Man sentenced to jail for cheating loan shark, taking money for harassment that he did not complete
SINGAPORE: A man who cheated a loan shark of money by pretending to harass debtors but not completing the acts was sentenced to jail for 11 days and fined S$1,000 on Wednesday (Jan 6).
Muhammad Khairul Ismail, 34, pleaded guilty to one charge of cheating and another of gambling through a mobile application, with another two charges of cheating the unlicensed moneylender taken into consideration.
Khairul has filed an appeal and is out on bail.
The court heard on Monday morning that Khairul came across a job offer by the loan shark known only as Lucas in November 2019. The offer required Khairul to lock the gates of Lucas' debtors in exchange for cash. Lucas' identity has not been established.
Despite knowing that Lucas was a loan shark, Khairul contacted him with the intention of earning fast cash. They agreed that Khairul would lock the gates of Lucas' debtors, paste notes on their doors and send videos of these acts to Lucas as proof.
In exchange, Lucas promised to pay sums of money ranging from S$100 to S$120 for each completed job.
Around Dec 10, 2019, Lucas sent instructions to Khairul via WhatsApp to lock up a debtor's unit with a chain and paste a note on the door.
Khairul went to the address as instructed, but had already planned to cheat Lucas by deceiving him into believing that the harassment was carried out when it was not.
Khairul locked the gate with two bicycle locks and put a debtor's note on one of the locks to avoid damaging the gate. He took a video of it and sent it to Lucas, deceiving him into believing that the harassment had been carried out.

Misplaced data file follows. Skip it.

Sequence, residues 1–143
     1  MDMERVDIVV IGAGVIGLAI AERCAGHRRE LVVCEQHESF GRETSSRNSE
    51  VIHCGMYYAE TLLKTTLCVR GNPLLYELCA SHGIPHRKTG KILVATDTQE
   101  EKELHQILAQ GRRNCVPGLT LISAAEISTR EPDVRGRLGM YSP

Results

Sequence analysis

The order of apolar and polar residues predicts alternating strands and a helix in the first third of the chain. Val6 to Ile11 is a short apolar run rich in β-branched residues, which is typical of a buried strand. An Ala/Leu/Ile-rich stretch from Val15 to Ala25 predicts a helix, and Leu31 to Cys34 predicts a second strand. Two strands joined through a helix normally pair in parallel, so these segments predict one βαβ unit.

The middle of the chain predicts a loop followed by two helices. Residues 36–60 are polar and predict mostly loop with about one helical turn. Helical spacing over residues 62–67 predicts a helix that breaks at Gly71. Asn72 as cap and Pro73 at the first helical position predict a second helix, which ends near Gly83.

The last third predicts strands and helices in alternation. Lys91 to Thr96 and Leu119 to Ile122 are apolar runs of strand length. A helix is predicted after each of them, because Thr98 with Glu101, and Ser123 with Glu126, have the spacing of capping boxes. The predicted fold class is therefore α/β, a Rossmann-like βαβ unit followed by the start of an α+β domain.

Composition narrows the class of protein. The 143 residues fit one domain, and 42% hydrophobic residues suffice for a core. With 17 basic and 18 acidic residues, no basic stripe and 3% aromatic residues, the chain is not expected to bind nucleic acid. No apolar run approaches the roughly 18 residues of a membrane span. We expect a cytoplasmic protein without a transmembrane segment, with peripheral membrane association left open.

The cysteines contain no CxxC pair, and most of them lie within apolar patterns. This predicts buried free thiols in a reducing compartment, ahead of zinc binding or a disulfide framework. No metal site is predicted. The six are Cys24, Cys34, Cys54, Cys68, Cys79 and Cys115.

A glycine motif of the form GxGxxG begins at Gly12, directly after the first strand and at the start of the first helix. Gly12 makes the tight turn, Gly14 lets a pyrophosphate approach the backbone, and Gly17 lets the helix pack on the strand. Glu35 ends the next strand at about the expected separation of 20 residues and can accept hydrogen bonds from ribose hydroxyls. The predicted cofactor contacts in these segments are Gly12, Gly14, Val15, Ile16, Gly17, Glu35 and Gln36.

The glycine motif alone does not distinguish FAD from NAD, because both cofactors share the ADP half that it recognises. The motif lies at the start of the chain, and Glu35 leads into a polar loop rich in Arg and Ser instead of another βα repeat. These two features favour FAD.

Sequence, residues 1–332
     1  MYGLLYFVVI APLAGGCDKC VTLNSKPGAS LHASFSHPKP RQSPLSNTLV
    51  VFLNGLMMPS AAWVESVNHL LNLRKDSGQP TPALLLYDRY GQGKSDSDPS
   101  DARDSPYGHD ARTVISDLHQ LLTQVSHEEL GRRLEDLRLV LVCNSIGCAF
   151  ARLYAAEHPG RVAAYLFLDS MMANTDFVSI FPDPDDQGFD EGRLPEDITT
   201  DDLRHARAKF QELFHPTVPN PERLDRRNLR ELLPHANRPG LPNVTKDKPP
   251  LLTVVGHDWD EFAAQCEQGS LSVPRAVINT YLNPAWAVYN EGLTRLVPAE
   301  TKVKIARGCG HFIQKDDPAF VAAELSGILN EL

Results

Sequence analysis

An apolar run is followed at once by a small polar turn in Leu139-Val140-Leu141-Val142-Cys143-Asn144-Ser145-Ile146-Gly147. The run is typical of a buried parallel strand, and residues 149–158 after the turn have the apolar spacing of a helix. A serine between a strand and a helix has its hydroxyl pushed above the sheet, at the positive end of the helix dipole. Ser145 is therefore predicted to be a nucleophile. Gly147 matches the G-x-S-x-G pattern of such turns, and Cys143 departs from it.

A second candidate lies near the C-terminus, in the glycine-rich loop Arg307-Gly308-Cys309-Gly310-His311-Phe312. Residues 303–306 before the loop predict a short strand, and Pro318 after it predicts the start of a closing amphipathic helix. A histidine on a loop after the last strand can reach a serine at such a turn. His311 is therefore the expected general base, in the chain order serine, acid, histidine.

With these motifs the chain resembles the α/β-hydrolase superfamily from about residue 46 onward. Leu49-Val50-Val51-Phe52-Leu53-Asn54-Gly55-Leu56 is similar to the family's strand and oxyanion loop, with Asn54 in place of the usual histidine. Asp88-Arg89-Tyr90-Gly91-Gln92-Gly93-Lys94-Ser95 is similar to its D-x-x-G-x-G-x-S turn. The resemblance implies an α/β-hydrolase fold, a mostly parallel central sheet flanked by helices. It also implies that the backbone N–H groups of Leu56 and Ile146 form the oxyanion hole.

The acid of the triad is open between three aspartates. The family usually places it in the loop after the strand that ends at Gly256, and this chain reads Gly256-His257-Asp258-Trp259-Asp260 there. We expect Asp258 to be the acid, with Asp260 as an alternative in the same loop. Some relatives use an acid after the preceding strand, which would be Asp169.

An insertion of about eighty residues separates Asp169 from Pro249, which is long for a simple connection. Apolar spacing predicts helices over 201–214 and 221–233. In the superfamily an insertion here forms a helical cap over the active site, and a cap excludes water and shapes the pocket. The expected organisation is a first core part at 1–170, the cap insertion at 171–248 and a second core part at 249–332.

Lucas transferred S$120 to him, but Khairul removed the locks and note from the gate before leaving. Khairul repeated this deception on two other occasions against Lucas.
The offences came to light when Lucas sent the videos of the "harassment" to the debtors, and the authorities were alerted.
Khairul also pleaded guilty to a separate charge of placing bets of about S$1,120 on a mobile gambling application.
The prosecutor asked for at least two weeks' jail for the cheating and a fine of at least S$1,000 for the gambling charge.
NOT THE TYPICAL INNOCENT VICTIM
Deputy Public Prosecutor Krystle Chiang acknowledged that the victim of the cheating was an unlicensed moneylender and "not a typical innocent member of the public".
However, "this does not absolve the accused of wrongdoing and should not distract from the fact that the accused had sustained wrongful gain by his deception", she said.
It would be a slippery slope to say that offences committed against such people should not be punished, added the prosecutor.
She said Khairul had gained S$340 over the three cheating occasions, and he was the one who initiated contact with Lucas.
While Khairul eventually unlocked the gates of the debtors, "we must not forget that he was there and violated the property" when he had no business being there, she said.
Because Khairul did not complete the harassment, loan shark harassment charges were not brought against him, but he had participated in linked activities.
The judge said this case was a bit unique because Lucas was not supposed to even have offered the money to Khairul in the first place for loan shark harassment.
In mitigation, Khairul said he has really learned from his mistake and feels remorseful for his actions, assuring the court that he will not repeat his actions.
For cheating, Khairul could have been jailed for up to 10 years and fined.